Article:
“Have a business plan and just do it. Like, I definitely was hesitant and I was nervous because it’s like, ‘Okay, what if this goes horribly and I embarrass myself,’” said Warfield. “So I remember when I first started out I was too nervous to even shoutout my page or anything because I was scared people were going to be like ‘Hey what is Morgan doing, this idiot.’ But no, it wasn’t like that at all. People will definitely support you and I think that’s what I didn’t recognize. I didn’t know anyone from my school or personally […] that had ever done anything like this before, so yeah, I think just doing it. Don’t be scared because you’ll overcome things as they come. You’ll get customers as long as you work hard, you hashtag your posts, and, you know, share them with others. People see your stuff. As far as a business plan thing, yes, definitely do that. Because, I mean, personally I didn’t have one. I was just like, ‘I’m going to do it,’ and I’m still kind of like that. I think you should track how much time you’re spending on things and what you’re spending on materials, definitely. I mean, I’ve started to do that now, but when I first started I was like, ‘It’s fine I’ll just do whatever,’ and that’s not how anything works. So get that situated before you start spending money, definitely.”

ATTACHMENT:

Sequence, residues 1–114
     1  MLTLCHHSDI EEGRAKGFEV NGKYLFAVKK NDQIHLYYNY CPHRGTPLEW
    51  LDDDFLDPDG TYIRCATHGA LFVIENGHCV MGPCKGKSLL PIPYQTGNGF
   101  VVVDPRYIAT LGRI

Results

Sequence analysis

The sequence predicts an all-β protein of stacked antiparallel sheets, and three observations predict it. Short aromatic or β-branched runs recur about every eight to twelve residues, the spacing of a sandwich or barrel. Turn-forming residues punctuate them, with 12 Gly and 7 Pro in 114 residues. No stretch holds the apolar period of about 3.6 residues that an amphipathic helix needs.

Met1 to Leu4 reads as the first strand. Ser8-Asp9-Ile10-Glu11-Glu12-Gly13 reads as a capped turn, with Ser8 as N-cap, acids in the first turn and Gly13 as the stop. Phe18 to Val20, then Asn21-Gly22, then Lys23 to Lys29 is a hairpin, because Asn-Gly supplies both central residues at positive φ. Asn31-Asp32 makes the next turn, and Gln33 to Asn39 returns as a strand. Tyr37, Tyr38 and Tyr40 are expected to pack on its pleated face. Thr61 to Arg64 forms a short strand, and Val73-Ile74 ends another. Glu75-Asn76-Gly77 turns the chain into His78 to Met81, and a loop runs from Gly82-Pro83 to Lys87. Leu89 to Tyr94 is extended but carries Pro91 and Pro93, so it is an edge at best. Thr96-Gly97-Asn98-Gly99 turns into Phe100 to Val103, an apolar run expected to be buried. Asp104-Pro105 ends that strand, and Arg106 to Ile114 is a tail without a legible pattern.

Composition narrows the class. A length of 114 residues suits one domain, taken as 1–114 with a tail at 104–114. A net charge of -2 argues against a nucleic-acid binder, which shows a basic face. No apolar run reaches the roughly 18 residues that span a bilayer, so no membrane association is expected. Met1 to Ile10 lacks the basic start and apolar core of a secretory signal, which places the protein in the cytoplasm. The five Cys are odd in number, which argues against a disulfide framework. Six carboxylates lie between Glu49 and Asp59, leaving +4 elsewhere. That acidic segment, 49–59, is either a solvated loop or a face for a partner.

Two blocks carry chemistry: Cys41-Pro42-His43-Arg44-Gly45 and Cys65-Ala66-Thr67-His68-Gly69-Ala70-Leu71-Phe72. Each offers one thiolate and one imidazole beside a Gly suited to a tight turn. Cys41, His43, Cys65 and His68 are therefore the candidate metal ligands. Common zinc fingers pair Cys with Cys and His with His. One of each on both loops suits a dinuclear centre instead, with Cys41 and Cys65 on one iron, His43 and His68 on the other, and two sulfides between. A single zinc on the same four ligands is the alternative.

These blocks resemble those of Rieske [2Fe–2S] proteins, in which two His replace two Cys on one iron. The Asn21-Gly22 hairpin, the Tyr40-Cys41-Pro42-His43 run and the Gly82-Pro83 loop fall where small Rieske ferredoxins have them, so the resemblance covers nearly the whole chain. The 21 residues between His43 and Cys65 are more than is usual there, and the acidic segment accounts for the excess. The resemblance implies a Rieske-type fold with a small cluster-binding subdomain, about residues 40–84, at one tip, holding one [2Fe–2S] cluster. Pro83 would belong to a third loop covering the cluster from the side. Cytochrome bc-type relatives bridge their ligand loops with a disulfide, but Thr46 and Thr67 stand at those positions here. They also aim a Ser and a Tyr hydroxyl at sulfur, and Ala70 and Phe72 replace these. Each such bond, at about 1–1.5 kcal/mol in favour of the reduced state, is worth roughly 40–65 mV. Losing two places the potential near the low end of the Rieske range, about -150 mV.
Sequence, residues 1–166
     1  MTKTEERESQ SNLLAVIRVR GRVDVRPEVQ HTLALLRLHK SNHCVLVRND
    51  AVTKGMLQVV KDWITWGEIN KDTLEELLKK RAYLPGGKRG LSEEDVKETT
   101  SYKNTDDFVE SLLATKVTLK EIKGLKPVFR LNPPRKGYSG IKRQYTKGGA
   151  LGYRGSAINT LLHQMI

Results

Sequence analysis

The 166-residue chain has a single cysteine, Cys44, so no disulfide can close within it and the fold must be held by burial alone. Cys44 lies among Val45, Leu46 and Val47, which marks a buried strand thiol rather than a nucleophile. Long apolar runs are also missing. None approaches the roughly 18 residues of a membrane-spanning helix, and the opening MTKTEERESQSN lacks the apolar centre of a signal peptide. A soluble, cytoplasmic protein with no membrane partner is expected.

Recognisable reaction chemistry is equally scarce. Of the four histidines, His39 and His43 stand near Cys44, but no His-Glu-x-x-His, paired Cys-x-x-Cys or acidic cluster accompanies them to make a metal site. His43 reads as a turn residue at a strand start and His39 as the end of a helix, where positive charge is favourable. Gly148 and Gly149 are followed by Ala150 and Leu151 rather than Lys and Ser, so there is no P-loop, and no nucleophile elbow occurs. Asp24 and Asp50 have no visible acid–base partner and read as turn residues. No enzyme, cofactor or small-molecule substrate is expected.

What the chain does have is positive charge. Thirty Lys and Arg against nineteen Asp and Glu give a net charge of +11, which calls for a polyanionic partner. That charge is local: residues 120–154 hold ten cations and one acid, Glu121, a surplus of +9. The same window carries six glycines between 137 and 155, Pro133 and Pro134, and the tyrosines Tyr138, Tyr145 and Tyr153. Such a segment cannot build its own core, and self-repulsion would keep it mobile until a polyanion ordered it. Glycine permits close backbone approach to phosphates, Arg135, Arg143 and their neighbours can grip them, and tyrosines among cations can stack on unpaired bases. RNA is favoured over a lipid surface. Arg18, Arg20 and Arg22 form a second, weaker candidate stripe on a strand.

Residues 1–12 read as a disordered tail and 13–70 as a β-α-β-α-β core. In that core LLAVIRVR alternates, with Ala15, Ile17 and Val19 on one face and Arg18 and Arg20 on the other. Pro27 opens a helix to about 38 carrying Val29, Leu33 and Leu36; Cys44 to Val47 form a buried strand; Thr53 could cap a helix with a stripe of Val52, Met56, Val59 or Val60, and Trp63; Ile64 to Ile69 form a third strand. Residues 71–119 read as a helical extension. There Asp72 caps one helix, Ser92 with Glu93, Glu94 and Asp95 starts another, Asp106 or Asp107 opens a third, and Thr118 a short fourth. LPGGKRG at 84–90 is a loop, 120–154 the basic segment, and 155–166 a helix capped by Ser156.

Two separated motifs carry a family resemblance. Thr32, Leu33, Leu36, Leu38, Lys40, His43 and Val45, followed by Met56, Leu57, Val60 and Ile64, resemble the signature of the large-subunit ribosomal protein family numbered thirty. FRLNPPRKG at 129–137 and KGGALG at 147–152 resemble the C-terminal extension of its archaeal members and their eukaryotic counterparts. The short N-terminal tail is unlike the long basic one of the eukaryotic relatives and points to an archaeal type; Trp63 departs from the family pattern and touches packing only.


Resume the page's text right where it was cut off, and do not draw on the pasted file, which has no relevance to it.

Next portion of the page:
Even though the currently cold weather may seem like a dead period for the sales of a crocheted clothing business, Warfield has a couple of deals to consider. As the weather gets warmer, Hooked Looks sales are projected to only increase.